Aberrant Salience and Disorganized Symptoms as Mediators of Psychosis
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SourceFrontiers in Psychology, Vol. 13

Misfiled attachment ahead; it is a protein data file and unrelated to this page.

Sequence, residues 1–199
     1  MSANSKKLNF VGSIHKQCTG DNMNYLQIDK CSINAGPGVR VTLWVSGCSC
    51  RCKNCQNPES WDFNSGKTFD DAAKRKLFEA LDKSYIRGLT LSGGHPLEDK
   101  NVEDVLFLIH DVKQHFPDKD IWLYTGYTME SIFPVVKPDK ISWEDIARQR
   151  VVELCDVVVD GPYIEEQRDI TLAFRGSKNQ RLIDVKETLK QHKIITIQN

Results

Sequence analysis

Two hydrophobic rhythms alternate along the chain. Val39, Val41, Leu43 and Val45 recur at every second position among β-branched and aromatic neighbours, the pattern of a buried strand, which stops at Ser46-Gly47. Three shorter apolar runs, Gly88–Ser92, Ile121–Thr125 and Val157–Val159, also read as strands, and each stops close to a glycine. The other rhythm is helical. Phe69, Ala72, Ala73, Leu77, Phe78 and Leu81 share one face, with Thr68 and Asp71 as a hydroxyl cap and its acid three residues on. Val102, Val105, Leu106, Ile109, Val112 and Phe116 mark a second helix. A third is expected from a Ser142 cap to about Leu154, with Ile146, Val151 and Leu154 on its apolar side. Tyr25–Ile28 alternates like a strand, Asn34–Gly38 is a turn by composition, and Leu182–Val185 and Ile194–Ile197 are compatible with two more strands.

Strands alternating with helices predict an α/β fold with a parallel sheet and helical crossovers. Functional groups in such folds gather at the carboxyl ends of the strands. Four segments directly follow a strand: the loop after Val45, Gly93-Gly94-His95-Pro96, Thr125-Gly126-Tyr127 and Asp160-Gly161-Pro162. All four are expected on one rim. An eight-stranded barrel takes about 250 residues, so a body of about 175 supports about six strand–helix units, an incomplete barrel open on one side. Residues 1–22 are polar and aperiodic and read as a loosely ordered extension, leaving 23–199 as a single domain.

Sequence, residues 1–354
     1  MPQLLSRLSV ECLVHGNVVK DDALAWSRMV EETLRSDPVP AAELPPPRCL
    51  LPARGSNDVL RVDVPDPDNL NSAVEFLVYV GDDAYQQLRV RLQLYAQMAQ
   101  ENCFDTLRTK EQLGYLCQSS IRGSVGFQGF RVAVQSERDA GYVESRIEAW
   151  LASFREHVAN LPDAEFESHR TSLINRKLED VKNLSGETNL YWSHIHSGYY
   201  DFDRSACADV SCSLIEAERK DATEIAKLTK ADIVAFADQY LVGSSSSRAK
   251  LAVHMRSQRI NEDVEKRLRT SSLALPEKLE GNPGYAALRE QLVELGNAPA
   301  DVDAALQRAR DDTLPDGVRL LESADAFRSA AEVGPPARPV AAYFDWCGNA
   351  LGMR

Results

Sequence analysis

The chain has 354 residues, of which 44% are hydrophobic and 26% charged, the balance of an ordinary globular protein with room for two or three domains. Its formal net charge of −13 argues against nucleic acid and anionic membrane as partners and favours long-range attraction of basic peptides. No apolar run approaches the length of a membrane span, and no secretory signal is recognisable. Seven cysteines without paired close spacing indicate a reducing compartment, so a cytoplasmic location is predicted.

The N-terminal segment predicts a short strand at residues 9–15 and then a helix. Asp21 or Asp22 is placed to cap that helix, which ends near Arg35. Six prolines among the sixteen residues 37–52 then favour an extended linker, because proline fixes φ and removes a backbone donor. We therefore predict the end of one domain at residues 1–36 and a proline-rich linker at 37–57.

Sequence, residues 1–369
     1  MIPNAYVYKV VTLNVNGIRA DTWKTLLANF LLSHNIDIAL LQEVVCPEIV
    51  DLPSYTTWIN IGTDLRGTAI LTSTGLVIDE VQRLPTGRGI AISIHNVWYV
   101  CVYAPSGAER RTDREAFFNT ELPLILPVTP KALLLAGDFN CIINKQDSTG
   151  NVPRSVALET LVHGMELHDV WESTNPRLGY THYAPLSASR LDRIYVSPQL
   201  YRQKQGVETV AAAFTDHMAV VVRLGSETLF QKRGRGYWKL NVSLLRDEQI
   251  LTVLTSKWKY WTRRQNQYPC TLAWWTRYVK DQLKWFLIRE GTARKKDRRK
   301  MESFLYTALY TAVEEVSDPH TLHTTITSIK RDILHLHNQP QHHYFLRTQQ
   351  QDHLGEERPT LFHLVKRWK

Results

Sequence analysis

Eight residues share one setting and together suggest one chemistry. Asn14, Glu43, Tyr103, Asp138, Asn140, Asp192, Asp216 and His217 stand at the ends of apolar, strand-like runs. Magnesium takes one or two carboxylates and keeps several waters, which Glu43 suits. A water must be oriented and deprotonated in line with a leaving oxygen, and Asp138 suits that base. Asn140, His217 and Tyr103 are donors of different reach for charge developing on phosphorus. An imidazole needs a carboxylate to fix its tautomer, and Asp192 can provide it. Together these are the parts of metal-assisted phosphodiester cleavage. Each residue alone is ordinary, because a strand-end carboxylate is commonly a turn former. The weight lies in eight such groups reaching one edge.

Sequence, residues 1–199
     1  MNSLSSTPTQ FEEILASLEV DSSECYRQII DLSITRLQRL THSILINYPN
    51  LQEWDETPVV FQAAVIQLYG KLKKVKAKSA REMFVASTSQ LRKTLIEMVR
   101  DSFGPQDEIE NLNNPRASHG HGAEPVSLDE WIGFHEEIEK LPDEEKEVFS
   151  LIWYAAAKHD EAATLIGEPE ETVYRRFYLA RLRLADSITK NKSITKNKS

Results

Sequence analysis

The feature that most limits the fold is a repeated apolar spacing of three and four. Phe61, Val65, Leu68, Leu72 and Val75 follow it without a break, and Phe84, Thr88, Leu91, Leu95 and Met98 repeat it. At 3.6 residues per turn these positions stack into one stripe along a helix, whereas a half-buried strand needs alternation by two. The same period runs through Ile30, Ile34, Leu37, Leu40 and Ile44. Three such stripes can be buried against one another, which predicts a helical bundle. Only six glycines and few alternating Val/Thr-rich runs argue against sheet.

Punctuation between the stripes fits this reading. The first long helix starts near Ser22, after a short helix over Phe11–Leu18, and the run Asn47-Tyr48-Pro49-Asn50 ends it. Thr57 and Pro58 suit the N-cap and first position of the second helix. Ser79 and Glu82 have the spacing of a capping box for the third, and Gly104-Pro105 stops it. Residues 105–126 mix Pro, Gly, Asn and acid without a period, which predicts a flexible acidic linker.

IntroductionIdeas of reference (IR) are frequent in psychopathology, mainly in psychotic disorders. The frequency of IR and preoccupation about them are related to the psychotic dimension, and to a lesser extent, to negative or emotional disorganized dimensions. Aberrant salience (AS), has been proposed as an indicator of the onset of psychosis, particularly of schizophrenia. This study analyzed the mediating role of AS, disorganized symptoms and preoccupation about IR in the relationship between IR and the psychotic dimension. MethodThe sample consisted of 330 participants (116 university students and 214 clinically active patients), 62.4% of whom were women aged 18-79. The Referential Thinking Scale, the Aberrant Salience Inventory, and the Brief Psychiatric Rating Scale were administered. ResultsEvidence of a partial mediation model showed that the relationships between IR and the psychotic dimension were mediated jointly by AS and the disorganized dimension, and preoccupation about IR no longer had a role. This relationship was significantly influenced by participant age. The variables in the model explained 54.16% of the variance. ConclusionThe model proposed enabled a set of vulnerabilities (unusual thought content) to be predicted that could lead to a high-risk general pathological state and proneness to psychosis in particular. These findings are discussed with regard to early detection and prevention of psychosis.